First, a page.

Parliament was placed on lockdown after an attacker stabbed a police officer before being shot by other officers on the parliament grounds. The injured officer later died of his injuries. At least two people were killed and eight others injured when a vehicle struck several people on the nearby Westminster bridge.

A senior police officer told VOA that they believe only one assailant was involved in what appears to have been "a three-staged attack."

It began with an SUV being driven over Westminster Bridge right by the House of Commons. The SUV mounted the sidewalk and struck several pedestrians.

A woman lies injured after a shooting incident on Westminster Bridge in London, March 22, 2017.
A woman lies injured after a shooting incident on Westminster Bridge in London, March 22, 2017.





Attacker rammed pedestrians

According to police sources, the vehicle struck some other pedestrians at the perimeter fence near the gates at Old Palace Yard.

"The attacker then rushed the gates and struggled with a police guard who tried to stop him. The assailant stabbed him several times," the senior police officer said. “Other officers shot the attacker."




Eyewitness accounts

The gunfire was heard at 2:38 p.m. London time inside the House of Commons as lawmakers were debating legislation on pension reform. Eyewitnesses say about half-a-dozen shots were fired.

"It all happened within a minute," witness Tawhid Tanim told VOA. "I came out of where I work and saw a car had pulled up and I heard I just heard bang bang bang and people running everywhere."


WATCH: Eyewitness tells what he saw


President Trump briefed

In Washington, the White House said President Donald Trump has spoken with British Prime Minister Theresa May and has been been briefed on the situation in London.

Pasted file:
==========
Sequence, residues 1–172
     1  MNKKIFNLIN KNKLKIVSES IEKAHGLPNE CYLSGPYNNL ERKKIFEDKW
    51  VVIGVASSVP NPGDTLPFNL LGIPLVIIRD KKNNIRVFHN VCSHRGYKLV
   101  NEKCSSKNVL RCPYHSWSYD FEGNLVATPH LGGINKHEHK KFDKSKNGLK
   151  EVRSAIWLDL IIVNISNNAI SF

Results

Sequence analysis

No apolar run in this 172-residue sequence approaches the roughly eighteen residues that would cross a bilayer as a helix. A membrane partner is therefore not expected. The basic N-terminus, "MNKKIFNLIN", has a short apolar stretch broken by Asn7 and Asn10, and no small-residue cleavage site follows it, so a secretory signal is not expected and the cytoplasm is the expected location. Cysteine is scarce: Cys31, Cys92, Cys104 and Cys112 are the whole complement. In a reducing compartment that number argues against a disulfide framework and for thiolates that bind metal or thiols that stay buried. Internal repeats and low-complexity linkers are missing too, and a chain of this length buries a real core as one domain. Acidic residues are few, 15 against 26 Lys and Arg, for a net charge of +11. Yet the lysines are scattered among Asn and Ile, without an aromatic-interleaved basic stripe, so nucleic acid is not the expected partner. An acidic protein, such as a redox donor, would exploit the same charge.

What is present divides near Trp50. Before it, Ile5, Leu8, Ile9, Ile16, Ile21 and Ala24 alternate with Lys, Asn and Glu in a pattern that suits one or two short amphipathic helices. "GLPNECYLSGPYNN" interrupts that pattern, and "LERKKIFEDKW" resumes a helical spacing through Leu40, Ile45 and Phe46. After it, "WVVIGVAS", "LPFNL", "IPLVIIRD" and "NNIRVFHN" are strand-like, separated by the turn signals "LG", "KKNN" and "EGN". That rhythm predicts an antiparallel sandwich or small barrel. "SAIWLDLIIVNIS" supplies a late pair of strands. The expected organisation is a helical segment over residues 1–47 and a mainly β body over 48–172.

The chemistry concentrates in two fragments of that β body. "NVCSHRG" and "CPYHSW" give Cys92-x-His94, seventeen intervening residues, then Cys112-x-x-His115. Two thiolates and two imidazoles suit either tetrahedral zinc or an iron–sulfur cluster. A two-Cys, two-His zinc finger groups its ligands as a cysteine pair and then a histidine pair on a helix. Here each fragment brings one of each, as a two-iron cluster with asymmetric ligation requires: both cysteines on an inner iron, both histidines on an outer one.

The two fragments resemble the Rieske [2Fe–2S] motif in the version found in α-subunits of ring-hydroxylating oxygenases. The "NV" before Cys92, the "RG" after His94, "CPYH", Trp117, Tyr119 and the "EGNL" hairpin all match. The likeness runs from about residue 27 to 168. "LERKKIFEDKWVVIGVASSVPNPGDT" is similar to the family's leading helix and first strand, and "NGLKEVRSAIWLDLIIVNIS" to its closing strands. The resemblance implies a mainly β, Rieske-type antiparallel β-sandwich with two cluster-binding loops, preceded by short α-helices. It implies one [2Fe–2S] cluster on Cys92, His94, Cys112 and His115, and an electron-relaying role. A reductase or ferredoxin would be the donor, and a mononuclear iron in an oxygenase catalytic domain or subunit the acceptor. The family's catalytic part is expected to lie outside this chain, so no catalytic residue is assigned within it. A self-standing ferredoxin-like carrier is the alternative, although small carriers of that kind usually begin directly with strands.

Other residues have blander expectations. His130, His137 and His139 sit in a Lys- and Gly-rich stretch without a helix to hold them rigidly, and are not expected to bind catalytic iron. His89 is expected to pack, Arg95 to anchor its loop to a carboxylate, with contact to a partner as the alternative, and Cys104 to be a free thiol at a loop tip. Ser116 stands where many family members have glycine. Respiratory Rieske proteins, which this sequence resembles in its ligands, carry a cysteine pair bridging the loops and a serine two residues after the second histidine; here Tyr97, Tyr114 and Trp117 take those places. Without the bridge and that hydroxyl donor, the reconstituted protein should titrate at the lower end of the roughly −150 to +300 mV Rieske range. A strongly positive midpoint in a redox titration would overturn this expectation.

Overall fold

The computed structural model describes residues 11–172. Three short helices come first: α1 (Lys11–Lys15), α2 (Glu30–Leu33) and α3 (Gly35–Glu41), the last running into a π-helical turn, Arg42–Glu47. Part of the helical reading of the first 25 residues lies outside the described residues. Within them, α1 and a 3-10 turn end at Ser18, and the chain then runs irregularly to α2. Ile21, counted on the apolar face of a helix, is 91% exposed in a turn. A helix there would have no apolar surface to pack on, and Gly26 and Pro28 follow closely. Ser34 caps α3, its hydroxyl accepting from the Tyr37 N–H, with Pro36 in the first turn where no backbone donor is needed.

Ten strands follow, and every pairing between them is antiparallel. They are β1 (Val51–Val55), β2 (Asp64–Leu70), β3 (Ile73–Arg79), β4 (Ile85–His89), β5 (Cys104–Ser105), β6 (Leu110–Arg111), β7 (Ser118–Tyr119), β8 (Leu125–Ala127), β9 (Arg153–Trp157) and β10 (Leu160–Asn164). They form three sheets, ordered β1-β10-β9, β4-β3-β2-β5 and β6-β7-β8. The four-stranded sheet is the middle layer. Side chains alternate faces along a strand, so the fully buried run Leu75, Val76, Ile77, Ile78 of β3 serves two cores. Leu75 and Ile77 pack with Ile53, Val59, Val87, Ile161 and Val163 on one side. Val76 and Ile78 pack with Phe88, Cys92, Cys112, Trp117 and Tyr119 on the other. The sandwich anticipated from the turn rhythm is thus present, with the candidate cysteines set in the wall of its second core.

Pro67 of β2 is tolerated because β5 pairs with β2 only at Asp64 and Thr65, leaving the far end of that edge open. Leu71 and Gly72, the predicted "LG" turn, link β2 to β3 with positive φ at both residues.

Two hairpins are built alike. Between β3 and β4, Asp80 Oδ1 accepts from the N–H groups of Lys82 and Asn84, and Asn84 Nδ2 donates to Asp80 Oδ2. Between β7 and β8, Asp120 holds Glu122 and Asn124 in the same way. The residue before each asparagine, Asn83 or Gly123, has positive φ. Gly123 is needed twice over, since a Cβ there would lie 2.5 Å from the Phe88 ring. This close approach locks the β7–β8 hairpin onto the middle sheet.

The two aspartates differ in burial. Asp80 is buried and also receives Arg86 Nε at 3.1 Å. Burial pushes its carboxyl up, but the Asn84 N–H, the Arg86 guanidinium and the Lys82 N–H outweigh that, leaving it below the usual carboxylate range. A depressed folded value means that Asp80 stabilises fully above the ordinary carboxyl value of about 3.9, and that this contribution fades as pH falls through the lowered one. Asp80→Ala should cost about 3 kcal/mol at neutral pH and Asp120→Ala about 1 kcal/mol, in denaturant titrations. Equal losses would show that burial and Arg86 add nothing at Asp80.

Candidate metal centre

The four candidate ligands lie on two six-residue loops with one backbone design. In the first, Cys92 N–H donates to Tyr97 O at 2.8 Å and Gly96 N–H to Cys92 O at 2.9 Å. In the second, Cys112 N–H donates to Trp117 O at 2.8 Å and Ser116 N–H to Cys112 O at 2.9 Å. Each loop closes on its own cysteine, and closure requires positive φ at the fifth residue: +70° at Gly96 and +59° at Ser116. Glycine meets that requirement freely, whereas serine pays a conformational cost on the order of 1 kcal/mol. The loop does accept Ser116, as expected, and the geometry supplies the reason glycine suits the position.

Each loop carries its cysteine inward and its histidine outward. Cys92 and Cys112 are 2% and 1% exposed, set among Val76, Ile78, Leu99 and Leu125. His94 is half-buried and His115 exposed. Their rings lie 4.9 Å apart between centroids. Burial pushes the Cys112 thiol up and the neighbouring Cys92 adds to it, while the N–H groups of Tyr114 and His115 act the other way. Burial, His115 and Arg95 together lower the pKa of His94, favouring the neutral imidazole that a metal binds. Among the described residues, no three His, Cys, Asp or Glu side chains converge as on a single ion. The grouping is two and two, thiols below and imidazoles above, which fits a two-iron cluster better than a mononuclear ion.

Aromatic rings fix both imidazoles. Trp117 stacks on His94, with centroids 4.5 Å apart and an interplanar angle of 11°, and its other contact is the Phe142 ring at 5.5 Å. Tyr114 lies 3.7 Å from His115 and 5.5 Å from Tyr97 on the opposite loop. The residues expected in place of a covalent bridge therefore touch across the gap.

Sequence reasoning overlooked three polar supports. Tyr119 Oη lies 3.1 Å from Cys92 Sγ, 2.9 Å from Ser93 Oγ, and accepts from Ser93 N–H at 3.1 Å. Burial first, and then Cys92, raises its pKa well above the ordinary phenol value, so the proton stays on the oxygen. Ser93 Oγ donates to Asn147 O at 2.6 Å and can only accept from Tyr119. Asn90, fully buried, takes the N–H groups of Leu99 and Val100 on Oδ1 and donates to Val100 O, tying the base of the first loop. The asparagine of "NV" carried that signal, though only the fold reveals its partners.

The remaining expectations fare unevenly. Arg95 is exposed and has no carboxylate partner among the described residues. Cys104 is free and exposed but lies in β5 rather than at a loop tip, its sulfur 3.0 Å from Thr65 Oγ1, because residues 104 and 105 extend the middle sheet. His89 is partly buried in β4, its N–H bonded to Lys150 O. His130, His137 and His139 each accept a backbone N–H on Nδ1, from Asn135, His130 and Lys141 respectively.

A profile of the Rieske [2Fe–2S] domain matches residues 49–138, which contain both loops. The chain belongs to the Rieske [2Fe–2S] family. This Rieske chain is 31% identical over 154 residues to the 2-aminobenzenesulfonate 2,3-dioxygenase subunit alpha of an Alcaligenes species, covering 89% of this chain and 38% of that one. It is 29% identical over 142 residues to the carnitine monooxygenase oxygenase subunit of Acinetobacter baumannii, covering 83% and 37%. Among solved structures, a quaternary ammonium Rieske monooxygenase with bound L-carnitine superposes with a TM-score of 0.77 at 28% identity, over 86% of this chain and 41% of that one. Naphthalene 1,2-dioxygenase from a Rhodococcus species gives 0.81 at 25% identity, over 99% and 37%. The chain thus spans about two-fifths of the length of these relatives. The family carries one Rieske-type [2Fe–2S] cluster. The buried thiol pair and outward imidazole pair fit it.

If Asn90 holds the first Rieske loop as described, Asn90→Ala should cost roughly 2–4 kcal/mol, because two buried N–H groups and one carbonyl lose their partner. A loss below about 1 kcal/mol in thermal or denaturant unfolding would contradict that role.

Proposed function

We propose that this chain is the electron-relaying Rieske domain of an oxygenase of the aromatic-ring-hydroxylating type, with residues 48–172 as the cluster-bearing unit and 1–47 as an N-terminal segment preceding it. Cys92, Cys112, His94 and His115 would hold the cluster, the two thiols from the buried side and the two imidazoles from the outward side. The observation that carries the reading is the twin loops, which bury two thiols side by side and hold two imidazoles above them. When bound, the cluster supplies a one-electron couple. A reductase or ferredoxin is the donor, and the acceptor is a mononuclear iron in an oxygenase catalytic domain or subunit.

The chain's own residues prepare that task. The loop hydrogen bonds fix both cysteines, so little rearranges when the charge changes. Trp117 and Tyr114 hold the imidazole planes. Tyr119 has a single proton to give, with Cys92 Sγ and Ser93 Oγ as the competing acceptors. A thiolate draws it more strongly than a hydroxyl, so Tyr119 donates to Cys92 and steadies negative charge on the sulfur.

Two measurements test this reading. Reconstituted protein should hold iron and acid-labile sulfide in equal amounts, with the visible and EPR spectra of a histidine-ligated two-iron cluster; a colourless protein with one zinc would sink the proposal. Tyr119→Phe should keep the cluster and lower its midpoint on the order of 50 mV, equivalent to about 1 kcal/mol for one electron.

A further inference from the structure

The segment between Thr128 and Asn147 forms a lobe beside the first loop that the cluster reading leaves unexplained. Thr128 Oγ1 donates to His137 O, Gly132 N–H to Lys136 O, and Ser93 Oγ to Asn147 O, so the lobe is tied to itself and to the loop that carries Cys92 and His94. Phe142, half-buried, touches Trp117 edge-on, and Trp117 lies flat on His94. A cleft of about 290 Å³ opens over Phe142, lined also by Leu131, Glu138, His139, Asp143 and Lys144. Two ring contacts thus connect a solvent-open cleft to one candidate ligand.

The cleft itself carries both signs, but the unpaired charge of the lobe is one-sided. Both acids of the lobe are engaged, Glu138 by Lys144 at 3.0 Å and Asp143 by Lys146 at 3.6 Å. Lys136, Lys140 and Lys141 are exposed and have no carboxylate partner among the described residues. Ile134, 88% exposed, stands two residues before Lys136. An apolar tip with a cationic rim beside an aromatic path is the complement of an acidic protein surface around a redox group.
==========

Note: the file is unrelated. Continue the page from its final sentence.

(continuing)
"We obviously condemn today’s attack in Westminster, which the United Kingdom is treating as an act of terrorism, and we applaud the quick response that the British police and their first responders made to the situation," spokesman Sean Spicer said.

The U.S. Department of Homeland Security said it is in close contact with British authorities but that the U.S. domestic security posture remains unchanged.

WATCH: Spicer statement on London attack


PM May whisked away

As the attack unfolded British Prime Minister May was in a voting lobby adjacent to the chamber of the House of Commons. Her plains-clothes bodyguards drew their weapons and one officer put his arm around May as they quickly escorted her out of the House of Commons, according to Andrew Bridgen, a Conservative lawmaker.

Armed police have cordoned off streets within a block of the parliament building and the Westminster bridge has been shut down. Members of Parliament, who were in session when the attacks began, have been evacuated.

WATCH: Scotland Yard counterterrorism investigation


If confirmed as a terrorist attack, it would be the first in Britain since May 2013 when an off-duty British Army soldier, Lee Rigby, was hacked to death on a London street by a self-proclaimed jihadist. It is the worst attack at the House of Commons since the IRA bombing in 1979, when Conservative politician Airey Neave, a confidant of Margaret Thatcher, was killed.

In Photos: Shooting at British Parliament